ESPREME project focuses on a data analysing approach for the primary heavy metals: mercury, cadmium, chrome, nickel, arsenic, and lead. The main objective of the research is to carry out cost-effectiveness (CEA) and cost-benefit analyses (CBA) for reducing the heavy metals occurrence in the EU Member States and candidate countries, also including a damage assessment of the environment and human health in the long term, and thresholds.  It is also important to identify which policies will result in the most cost-effective reduction of the occurrences of heavy metals in the environment;


Product and Process Design for Ambient Intelligent Supported Energy Efficient Manufacturing Installations, DEMI project, aims at eco-designing energy efficient manufacturing processes through the development of a generic methodology and
software tools.


INCONTEXT stands for Individuals in Context. This project aims to understand the role of transformative communities in addressing societal challenges.


The need to identify leakages in the water pipeline infrastructure is vital in the field of water cycle monitoring. Leakages in water pipes could imply a large loss of drinking water and is also a possible threat to our health; when water pressure in the damaged pipes drops, surrounding water is allowed to enter the pipes. Managing these leakages is therefore a high priority, especially since rehabilitation of damaged pipe systems can cut the costs with 30 to 70 % compared to replacing them.  However, rehabilitation must start with identifying the problem, which in this particular case means finding leakages and cracks in the water pipes.   As the traditional damage-reducing techniques and equipment for obtaining information of underground media has proven to be insufficient, a new technology for inspection and evaluation of water pipe conditions has been the aim for the project WATERPIPE.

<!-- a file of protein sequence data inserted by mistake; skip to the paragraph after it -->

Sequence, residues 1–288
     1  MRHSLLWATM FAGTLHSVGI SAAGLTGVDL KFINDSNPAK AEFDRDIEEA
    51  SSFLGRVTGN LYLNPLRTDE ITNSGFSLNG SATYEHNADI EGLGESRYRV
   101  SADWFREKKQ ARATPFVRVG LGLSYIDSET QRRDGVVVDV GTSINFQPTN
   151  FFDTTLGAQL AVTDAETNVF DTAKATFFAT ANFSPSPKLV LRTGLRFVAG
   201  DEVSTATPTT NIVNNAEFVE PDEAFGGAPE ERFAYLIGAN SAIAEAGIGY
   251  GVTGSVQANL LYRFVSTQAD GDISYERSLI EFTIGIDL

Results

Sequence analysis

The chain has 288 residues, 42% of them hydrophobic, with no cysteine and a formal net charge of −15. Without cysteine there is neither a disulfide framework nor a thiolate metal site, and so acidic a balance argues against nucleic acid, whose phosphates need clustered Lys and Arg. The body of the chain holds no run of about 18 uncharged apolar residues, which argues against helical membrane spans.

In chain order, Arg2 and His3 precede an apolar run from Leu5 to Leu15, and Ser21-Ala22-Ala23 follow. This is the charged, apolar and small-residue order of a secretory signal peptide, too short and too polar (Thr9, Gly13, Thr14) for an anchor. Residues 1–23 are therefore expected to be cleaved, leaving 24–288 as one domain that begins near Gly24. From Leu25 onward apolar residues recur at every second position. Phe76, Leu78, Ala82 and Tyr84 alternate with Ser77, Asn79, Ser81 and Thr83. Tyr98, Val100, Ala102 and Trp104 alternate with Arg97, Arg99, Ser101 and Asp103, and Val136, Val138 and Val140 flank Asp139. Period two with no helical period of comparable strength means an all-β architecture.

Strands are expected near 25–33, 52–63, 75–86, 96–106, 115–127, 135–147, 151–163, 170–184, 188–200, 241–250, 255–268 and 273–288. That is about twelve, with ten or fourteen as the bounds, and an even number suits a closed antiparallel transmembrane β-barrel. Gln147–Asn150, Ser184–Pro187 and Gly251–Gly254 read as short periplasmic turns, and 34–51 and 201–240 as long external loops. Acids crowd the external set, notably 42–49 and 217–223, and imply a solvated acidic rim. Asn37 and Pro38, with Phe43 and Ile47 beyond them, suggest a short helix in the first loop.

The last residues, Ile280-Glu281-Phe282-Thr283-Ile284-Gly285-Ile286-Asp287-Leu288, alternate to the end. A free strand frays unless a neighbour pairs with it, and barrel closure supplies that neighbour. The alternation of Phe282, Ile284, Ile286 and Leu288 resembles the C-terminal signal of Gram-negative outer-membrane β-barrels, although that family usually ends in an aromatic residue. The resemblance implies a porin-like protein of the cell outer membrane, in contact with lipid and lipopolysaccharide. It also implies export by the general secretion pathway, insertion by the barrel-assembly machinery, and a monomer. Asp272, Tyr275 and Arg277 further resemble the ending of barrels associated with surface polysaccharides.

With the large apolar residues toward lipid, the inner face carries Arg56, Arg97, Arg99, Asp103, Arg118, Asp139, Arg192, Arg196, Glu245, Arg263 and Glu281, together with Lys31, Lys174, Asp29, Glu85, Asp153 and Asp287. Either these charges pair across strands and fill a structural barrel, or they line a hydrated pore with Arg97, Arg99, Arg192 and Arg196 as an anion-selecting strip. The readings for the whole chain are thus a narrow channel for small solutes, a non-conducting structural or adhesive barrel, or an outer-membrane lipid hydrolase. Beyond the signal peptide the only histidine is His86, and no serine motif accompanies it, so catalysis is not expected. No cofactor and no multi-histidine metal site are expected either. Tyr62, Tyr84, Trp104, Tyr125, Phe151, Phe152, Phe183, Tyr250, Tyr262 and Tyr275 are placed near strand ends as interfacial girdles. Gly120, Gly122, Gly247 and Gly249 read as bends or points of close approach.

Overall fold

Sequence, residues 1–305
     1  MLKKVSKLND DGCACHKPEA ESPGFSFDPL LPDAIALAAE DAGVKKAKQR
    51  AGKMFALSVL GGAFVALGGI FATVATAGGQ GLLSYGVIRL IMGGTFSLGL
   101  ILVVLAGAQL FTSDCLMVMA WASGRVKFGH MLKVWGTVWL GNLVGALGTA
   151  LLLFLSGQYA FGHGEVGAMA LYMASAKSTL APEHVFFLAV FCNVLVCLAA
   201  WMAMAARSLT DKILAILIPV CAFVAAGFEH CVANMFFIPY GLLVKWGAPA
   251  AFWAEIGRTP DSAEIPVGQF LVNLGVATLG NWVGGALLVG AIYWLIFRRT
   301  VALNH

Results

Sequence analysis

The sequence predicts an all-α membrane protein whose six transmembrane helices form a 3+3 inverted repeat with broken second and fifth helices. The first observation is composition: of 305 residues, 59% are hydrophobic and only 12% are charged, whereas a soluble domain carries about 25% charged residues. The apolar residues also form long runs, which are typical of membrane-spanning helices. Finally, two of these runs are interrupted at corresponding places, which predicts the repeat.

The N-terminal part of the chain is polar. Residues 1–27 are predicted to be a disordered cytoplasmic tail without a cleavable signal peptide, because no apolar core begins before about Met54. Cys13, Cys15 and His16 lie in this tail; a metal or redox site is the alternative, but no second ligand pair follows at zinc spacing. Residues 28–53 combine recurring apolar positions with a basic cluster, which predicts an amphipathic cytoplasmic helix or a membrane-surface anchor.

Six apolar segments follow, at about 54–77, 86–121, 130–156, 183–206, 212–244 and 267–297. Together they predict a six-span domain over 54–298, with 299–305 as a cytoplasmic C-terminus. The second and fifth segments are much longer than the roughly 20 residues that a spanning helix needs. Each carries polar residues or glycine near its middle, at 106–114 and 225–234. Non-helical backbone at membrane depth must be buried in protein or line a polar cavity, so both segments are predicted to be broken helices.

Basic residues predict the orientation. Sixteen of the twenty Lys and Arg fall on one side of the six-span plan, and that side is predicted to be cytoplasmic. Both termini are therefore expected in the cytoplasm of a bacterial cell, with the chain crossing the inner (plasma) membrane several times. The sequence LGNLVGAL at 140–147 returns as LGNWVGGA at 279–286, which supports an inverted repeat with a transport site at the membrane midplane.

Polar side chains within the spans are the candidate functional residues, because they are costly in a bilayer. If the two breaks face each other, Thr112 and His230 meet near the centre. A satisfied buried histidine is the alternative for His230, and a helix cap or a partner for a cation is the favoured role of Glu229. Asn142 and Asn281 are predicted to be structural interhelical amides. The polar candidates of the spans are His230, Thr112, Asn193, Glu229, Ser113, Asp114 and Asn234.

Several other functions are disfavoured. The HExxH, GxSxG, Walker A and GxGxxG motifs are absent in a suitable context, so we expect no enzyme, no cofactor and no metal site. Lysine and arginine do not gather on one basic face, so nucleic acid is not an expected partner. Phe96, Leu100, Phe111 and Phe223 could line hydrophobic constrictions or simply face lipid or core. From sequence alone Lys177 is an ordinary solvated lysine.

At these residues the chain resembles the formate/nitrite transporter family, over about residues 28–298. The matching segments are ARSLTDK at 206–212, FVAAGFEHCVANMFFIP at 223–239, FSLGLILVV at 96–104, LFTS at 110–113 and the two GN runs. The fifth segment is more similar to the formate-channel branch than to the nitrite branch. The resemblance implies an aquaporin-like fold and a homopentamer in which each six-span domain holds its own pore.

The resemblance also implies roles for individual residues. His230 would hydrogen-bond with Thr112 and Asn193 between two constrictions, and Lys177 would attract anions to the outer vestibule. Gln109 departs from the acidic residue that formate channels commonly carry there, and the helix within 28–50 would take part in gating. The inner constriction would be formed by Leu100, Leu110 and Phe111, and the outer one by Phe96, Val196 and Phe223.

Since the devastating Asian tsunami in the Indian Ocean in 2004, the interest in systematic studies of the Mediterranean tsunami situation and related damage-reducing techniques has been growing.  Tsunamis in the Mediterranean Sea are not as frequent as those in the Pacific or Indian Oceans, but have nevertheless historically caused severe damage and loss of lives. In the NEAREST project (Integrated observations from NEAR shore sourcES of Tsunamis: towards an early warning system), the complex situation of near-shore tsunamis has been thoroughly analysed by experts from ten scientific institutions and one company. The project was funded by the European Union Sixth Framework Programme (FP6), a grant funding programme, and coordinated by the Institute of Marine Sciences in Italy.


The “Digital Environment Home Energy Management System” (DEHEMS) is an energy management system helping private consumers reduce their energy use. This three-year energy efficiency project ended in 2011 and was supported by the EU under the Seventh Framework Programme (FP7), a grant funding programme.. The initiative was based on a network of 14 partners within local authorities, private business and universities in Austria, Romania, Belgium, Bulgaria and the United Kingdom

Page: 1 2